The appeal of Shovel Knight relies heavily on the novelty of a modern 2D side-scroller seeming like it could have been released on the 8-bit Nintendo Entertainment System. This nostalgic approach could be seen in the game’s world map, which echoed that of Super Mario Bros. 3; the titular warrior’s downward air attack, which was pulled from Duck Tales; and destructible walls that, a la Castlevania, revealed treasure and health-restoring items. With Shovel Knight’s prequel, Specter of Torment, developer Yacht Club Games dares to make Specter Knight a more uniquely challenging character to control via automated wall-climbing and air-dashing. This break from the past is complemented by boss fights and level ideas that revise, rather than mimic, those of the game’s predecessor and its old-school influences.
At first, Specter of Torment might feel like a janky version of 1988’s Ninja Gaiden. Like the ninja hero of the latter game, Specter Knight can jump back and forth between walls to reach higher platforms, but instead of you having complete control of his movement, the character will automatically run up the wall a few paces after making contact with it. In another example of unusually streamlined acrobatics, Specter Knight will diagonally dash toward hanging lanterns, enemies, or other objects—assuming he’s close enough to them—if you press the attack button while leaping. This command can be initially off-putting given that it rejects the action convention of the simple midair attack and turns your avatar into sort of a homing missile that must be carefully aimed, lest you ram into a target in such a way that leads you to a fatal pitfall.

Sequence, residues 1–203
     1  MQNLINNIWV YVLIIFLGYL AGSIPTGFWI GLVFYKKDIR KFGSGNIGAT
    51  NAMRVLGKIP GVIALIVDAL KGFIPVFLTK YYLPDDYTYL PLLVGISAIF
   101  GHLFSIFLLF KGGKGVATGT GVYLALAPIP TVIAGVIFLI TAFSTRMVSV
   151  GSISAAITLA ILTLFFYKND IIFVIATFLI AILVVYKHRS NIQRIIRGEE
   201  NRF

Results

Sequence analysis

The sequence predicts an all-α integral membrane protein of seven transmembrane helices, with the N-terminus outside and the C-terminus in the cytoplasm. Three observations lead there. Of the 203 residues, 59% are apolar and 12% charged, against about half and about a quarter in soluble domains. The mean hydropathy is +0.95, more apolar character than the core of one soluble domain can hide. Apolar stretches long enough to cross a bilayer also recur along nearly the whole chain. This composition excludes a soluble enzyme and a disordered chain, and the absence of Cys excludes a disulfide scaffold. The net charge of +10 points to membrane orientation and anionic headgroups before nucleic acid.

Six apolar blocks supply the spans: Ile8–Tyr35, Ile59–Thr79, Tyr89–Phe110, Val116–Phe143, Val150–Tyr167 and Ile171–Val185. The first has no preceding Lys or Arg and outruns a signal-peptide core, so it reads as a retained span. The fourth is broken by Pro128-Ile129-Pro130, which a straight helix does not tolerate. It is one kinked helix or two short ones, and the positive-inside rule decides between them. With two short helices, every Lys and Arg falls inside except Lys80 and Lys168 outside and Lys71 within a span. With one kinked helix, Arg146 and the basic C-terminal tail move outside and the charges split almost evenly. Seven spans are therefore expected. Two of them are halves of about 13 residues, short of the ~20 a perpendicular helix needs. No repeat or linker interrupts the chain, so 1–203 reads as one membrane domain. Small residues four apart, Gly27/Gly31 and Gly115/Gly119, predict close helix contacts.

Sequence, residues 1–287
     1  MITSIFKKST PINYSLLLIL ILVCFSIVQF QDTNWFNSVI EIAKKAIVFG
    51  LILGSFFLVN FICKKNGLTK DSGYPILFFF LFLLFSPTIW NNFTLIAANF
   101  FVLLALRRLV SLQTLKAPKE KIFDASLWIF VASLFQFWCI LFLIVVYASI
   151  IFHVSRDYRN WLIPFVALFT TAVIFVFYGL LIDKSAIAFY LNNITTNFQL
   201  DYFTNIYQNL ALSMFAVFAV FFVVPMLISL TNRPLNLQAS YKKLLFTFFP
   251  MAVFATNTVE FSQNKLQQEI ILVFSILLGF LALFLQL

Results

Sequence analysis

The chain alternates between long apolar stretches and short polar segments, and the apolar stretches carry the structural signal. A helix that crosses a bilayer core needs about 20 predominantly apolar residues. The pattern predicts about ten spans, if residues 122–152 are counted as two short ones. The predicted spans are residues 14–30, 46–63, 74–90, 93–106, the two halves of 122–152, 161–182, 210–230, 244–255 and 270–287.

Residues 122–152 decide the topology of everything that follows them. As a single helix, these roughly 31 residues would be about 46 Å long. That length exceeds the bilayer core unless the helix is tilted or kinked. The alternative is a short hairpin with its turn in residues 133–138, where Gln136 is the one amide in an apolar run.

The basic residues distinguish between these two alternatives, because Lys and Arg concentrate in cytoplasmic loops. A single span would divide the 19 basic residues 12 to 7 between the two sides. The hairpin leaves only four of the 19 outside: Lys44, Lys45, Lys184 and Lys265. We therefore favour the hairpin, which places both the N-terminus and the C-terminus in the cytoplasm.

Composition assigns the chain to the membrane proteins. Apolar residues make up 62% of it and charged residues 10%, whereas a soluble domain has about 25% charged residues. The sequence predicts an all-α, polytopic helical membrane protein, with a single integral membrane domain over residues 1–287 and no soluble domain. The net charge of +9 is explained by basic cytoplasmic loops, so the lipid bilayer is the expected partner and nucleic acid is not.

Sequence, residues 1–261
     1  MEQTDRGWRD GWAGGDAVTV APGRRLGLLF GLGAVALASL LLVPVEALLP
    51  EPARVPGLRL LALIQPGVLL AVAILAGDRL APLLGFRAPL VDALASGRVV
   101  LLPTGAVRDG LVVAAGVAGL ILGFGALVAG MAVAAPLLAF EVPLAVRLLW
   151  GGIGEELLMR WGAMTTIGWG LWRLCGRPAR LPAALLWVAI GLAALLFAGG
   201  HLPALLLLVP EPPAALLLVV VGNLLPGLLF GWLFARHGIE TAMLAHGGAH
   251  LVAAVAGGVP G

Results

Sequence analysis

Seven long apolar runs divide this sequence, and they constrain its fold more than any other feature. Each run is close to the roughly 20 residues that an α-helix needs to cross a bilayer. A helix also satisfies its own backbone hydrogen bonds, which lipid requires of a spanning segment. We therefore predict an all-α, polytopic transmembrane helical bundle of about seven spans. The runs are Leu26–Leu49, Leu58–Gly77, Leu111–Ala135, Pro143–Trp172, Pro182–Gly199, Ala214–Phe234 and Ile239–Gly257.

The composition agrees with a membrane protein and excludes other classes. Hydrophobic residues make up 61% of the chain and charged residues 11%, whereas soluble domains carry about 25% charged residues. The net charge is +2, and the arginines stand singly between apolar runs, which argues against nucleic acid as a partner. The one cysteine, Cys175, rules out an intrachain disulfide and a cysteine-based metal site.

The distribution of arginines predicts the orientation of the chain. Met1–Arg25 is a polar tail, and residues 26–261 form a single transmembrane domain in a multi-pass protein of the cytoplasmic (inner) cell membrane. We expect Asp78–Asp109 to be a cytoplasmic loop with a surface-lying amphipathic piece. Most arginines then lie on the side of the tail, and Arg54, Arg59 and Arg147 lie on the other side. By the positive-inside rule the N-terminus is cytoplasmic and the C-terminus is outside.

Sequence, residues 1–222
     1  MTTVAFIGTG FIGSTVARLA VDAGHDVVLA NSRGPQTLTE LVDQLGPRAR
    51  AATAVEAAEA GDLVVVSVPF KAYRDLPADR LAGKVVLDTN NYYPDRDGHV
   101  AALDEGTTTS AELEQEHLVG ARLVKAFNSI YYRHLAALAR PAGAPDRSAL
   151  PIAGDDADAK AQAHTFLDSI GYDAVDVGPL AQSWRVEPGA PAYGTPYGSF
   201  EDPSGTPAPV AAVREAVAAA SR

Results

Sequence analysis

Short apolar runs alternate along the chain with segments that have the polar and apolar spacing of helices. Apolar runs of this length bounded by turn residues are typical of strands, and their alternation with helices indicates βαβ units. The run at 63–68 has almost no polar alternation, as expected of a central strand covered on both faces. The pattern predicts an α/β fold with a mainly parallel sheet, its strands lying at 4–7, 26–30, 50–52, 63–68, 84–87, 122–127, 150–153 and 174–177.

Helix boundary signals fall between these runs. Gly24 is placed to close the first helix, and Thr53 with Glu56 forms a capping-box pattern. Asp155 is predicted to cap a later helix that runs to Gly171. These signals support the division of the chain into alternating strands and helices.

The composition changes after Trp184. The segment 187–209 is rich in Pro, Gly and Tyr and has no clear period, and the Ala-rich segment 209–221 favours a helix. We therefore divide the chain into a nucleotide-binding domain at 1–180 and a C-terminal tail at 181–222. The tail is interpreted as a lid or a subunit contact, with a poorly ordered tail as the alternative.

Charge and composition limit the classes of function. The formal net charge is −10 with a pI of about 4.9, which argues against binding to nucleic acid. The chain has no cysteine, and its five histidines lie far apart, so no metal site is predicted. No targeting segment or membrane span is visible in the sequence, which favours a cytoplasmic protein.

Its superior kineticism shows that Shovel Knight was an amateur’s first stab toward something a little greater.
Once you become accustomed to this counterintuitive style of play, you can better appreciate Specter of Torment’s distinctive rhythm, which has you alternately feel connected with and disconnected from your avatar during feats of agility and pathfinding. Elation can come from something as simple as an update on a classic video-game trope, such as frequent cannon fire (in the vein of Super Mario Bros.) serving as a means to air-dash across a long pit, provided that you press the attack button while facing the projectiles from the appropriate 45-degree angle. In an exhilarating spin on a Contra 3 boss fight, you must fight a villain, Propeller Knight, with only flying planes preventing you from taking a deadly fall, and sometimes dashing into the villain is the best way to keep from dying as the planes gradually leave the screen.
The sense of excitement is even greater when you experience Specter of Torment’s revisions to Shovel Knight’s rules. In a level called the Lost City, you must bounce off green objects (while making sure to avoid nearby harm like spikes), which allows the game to flip the script on the hanging lanterns you frequently dash through in other stages. When the lanterns are green, they knock you backward, so you have to dash into them from the opposite side that you normally would in order to propel yourself toward ledges. The game also brings back several bosses from Shovel Knight but never without ramping up the danger, as when Tinker Knight’s surprise giant robot chases you as you jump from platform to platform and plan your next air-dash toward the miniature guy controlling the machine. While Specter of Torment keeps an eye glued to the past so much that it still resembles the video-game equivalent of a very good cover band, its superior kineticism also shows that Shovel Knight was an amateur’s first stab toward something a little greater.